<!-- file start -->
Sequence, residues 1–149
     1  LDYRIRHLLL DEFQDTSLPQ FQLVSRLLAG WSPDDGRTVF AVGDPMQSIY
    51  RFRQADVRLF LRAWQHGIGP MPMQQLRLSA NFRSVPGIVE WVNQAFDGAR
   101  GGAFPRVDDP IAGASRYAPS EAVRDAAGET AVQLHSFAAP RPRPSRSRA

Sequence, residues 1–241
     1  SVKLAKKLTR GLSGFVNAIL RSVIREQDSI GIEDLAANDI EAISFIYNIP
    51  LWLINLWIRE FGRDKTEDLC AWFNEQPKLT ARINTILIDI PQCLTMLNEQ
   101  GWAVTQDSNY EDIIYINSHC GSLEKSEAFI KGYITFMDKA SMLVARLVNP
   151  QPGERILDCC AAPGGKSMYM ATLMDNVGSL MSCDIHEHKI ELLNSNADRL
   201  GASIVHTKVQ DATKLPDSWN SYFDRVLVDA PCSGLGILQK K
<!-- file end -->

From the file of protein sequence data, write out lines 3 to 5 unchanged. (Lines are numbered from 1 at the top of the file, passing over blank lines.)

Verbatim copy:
    51  RFRQADVRLF LRAWQHGIGP MPMQQLRLSA NFRSVPGIVE WVNQAFDGAR
   101  GGAFPRVDDP IAGASRYAPS EAVRDAAGET AVQLHSFAAP RPRPSRSRA

Sequence, residues 1–241